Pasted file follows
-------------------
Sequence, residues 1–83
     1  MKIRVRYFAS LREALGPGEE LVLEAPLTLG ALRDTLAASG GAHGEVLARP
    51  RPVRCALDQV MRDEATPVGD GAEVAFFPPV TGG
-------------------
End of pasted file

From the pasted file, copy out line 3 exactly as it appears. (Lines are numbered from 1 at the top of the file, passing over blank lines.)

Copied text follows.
    51  RPVRCALDQV MRDEATPVGD GAEVAFFPPV TGG